“We will not allow the Department to co-opt our grief and the death of our children. We call on the Department of Public Safety and the Commission to provide a true updated investigation and to host it in the community affected by this tragic event,” the statement said.
Cross told CNN the meeting was ridiculous and, “I’m upset that DPS continues to waste our time. … They don’t tell us anything.”
The meeting comes as the scourge of school shootings in the US shows no sign of abating, with at least 67 such attacks reported on US campuses this year, involving a high school student and a teacher killed on Monday in St. Louis.
McCraw’s remarks did little to assuage the anger of the victims’ families, some of whom addressed the director before the meeting adjourned briefly and moved on to other business.
Cross pressed the director on his comments stating he would resign if DPS was found guilty, asking McCraw, “So your officers were there in 10 minutes. Right?”
“Yes,” McCraw said.
“Aren’t they representatives of your department?” Cross continued.
“Absolutely,” McCraw said.
“So they didn’t make it?” Cross asked.
“Absolutely,” McCraw said.
“So DPS failed, so there’s blame,” Cross said. “So if you’re a man of your word, then you’d back off.”
Thursday’s meeting marked McCraw’s first public testimony about the Uvalde bloodshed since June when, before a state Senate committee, he marked shooting response “absolute failure” — but mostly blamed local and school district police, including that agency’s chief, Pedro “Pete” Arredondo, who state authorities said was the mastermind behind the incident.
Arredondo, who denied being in that role, was fired in August — a move his lawyer called an “unconstitutional public lynching,” adding that Arredondo should be reinstated, with all back pay and benefits.
Arredondo was one of five school district officers at Robb Elementary School, while DPS had 91 officers respond to the shooting — the most other than the U.S. Border Patrol, according to July report by the investigative committee of the state House of Representatives.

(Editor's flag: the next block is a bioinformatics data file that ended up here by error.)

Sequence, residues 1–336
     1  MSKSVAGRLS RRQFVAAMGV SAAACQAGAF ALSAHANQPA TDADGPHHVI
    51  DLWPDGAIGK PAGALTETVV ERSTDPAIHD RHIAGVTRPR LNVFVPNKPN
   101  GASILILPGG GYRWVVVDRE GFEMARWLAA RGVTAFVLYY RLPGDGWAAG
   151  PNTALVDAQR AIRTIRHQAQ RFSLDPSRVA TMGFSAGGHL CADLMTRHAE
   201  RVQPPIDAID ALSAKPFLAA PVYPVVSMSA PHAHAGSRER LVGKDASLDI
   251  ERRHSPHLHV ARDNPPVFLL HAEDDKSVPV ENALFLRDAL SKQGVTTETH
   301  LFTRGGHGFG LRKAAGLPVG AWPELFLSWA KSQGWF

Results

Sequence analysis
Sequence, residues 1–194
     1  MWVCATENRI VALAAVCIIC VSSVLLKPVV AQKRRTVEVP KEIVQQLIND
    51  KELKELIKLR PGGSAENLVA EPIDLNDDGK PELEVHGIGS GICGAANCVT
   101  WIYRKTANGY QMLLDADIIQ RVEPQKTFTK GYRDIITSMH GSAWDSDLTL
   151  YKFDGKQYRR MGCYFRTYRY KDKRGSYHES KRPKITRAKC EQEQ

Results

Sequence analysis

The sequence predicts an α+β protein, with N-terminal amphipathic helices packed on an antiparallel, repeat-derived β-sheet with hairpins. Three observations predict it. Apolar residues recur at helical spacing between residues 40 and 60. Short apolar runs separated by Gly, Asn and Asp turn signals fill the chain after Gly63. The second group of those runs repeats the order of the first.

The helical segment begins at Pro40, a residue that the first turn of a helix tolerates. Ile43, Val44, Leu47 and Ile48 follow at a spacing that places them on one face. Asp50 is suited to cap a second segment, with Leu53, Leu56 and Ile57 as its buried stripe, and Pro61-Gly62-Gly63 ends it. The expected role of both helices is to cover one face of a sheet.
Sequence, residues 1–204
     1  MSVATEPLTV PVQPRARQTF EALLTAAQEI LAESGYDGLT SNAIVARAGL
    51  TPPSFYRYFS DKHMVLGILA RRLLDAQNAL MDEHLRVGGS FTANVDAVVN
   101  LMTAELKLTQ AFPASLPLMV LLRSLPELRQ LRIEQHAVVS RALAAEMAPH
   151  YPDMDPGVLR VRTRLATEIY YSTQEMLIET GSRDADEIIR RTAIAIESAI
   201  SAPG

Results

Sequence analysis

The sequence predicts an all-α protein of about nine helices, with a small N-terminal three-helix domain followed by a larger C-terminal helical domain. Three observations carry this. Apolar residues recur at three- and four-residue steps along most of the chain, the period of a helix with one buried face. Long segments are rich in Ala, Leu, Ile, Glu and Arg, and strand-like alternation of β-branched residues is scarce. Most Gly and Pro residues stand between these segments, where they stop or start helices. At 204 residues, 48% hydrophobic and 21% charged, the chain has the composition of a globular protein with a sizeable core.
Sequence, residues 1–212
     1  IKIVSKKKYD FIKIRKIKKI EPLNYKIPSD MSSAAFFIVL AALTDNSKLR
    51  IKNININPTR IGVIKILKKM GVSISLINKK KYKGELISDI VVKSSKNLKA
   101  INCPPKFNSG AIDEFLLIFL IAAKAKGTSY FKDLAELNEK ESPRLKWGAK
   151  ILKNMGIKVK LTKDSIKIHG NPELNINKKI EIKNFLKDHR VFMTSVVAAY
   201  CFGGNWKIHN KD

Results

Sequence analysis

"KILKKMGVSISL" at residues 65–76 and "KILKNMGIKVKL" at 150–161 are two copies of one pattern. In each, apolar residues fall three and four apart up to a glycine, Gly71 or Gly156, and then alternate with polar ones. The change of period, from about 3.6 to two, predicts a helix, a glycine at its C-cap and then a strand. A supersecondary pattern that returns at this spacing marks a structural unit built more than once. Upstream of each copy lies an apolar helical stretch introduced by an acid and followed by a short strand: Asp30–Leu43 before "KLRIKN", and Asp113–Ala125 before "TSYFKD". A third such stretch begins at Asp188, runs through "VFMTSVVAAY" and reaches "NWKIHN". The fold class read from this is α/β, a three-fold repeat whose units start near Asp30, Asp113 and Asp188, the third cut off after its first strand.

The agency has come under increasing scrutiny for its role in the response to the tragedy, starting with its own the initial story about it debunked within days of the bloodshed and spread when dashcam footage revealed to CNN that a DPS officer had arrived at Robb Elementary School sooner than agency heads would admit public.
Afterwards internal stock review of every DPS officer on the scene, seven were referred by the agency for investigation by the agency’s inspector general.
Among them is State Police Capt. Joel Betancourt, who tried to delay the team of officers from entering the classrooms, telling investigators he thought a more skilled crew was on the way, CNN reported.
Also involved was Texas Ranger Christopher Ryan Kindell, who sources said told investigators he was focused on providing his superiors with updates and did not discuss breach options classrooms. He is seen on surveillance and body camera footage talking on the phone and, at one point, apparently offering to negotiate with the attacker.
McCraw condemned similar attempts at negotiations by Arredondo, calling it a “wrong decision.”
Another of the seven, Sgt. Juan Maldonado has been served with termination papers, DPS said Friday, with sources confirming to CNN that his firing the result of its role in the response the day of the shooting.
And former DPS trooper Crimson Elizondo took a job with the school district’s police force this summer, but was fired after CNN revealed she was among those under investigation.
Each of these officials either declined to comment or did not respond when contacted by CNN.
The Public Safety Commission it now includes four members – all appointed by Gov. Greg Abbott. Many of Uvalde’s victims’ families, meanwhile, campaigned for Beto O’Rourke, Abbott’s Democratic rival, who invoked Uvalde’s response to argue that the governor’s term should end.